Weekend speaks to three of the female powerhouses behind The Changeover.
Miranda Harcourt is a force in theatre and film. An award-winning actress, director and writer of the screen and stage, she has also coached actors on several international and local feature films, such as Bridge to Terabithia, The Lovely Bones and Top of the Lake. Her clientele includes Nicole Kidman, Dev Patel and Juliette Binoche.
But her most recent role is co-director on The Changeover, a supernatural romance based on the acclaimed young adult novel by the late Margaret Mahy.
Harcourt's husband, Stuart Mackenzie, co-directs and also wrote the screenplay. Mahy gave Mackenzie approval to make the film before she died in 2012 and her story is strangely prescient.
The book (published in 1984) is set in a post-earthquake-stricken Christchurch. Sixteen-year-old Laura comes from a broken family, in a broken suburb in a broken city. Harcourt references a Leonard Cohen song at this point. "There's a crack in everything, that's how the light gets in. Mahy wrote a lot of cracks in her novel."
The film adaptation is female-driven, with a strong cast of women on and off screen, from producer Emma Slade to the main protagonist Laura, played by newcomer Erana James (Ngati Whatua Orakei, Waikato Tainui).
Harcourt discovered James while teaching drama at Rata Studios, a performing-arts centre based at Scots College, in Wellington. James is wise beyond her 17 years and is both humble and charming. "What this film does is turn on its head characteristics in women that are often portrayed as negative, such as being assertive and outspoken," says Harcourt.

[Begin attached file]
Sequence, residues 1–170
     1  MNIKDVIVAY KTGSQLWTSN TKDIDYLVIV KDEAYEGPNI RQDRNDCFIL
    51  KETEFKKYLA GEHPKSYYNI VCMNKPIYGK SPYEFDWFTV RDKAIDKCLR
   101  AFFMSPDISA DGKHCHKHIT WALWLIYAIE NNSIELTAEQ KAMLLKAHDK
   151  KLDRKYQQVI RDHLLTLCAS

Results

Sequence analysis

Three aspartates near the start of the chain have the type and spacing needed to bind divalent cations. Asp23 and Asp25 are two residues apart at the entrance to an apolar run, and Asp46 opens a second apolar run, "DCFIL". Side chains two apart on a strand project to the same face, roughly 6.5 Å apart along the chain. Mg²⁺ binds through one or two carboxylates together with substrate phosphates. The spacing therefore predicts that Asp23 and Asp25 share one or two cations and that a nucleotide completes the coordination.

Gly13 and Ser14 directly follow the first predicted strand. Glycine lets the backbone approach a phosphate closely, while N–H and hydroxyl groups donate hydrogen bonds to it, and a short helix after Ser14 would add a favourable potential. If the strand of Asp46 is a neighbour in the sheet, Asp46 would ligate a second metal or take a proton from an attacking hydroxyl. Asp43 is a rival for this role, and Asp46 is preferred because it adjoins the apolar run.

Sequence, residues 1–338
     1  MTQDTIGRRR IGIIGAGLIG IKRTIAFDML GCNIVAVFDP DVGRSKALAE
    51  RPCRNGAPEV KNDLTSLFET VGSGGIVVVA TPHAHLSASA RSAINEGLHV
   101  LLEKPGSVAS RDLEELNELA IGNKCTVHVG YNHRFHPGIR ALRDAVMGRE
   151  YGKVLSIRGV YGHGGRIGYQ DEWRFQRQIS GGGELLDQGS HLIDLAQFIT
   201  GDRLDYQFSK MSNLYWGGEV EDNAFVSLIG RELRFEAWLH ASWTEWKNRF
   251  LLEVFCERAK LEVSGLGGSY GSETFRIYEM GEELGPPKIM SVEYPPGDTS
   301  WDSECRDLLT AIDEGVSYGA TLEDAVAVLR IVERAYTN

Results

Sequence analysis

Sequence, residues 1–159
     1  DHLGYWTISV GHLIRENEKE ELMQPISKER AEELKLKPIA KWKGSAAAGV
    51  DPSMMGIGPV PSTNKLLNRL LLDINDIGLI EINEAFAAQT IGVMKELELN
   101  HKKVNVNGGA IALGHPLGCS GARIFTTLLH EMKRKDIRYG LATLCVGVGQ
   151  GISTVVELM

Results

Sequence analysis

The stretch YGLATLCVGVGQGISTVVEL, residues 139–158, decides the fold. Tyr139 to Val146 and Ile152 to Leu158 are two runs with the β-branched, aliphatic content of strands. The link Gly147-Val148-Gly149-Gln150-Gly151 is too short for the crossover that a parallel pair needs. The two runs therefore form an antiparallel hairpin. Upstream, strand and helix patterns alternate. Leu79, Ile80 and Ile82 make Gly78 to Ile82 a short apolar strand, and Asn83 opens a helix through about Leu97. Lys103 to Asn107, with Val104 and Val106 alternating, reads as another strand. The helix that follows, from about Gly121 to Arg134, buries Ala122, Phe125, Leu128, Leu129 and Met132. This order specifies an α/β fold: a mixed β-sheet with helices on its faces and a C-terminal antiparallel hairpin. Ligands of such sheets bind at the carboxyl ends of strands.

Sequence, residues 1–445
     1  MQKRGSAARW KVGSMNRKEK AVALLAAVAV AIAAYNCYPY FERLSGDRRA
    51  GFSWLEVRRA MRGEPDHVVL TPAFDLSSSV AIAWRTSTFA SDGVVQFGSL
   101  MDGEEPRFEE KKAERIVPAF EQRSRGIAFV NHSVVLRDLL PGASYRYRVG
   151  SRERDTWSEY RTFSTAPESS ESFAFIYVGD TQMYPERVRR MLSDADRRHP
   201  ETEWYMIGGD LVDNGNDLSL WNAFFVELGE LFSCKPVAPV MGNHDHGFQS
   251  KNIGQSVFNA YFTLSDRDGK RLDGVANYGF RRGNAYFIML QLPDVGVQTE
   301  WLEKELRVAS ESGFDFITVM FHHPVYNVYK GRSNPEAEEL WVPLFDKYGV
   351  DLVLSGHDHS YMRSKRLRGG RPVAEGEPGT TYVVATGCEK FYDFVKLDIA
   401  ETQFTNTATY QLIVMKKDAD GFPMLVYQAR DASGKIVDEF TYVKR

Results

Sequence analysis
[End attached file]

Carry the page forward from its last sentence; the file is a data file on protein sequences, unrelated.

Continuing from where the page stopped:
"Laura is staunch and contemporary," says James, describing the evolution of her character as one of "self-growth and discovery. From girlhood to womanhood." Laura is extremely assertive and grounded, adds James. "She is an everyday hero."
Melanie Lynskey, one of our national treasures, plays the role of Kate, who is solo mum to Laura. Lynskey grabbed the attention of the nation in 1994 playing the part of Pauline Parker in the film Heavenly Creatures and has since gone on to enjoy international success. The Changeover, which was shot in Christchurch, also stars Lucy Lawless and Dame Kate Harcourt.
The lead character, says Slade, is strong and relevant. "It is a female perspective. When you're reading scripts with female protagonists there needs to be a lot of work done to make sure they are a three dimensional character - a big shout-out to Laura here. It's okay to be a flawed, female character. Women see the world differently from men and they bring something new to the table."
Mackenzie wrote the screenplay in a way that "celebrates the way real people really speak," says Harcourt.
The Changeover is in cinemas September 28.
The Changeover, by Margaret Mahy (Hachette NZ, $20)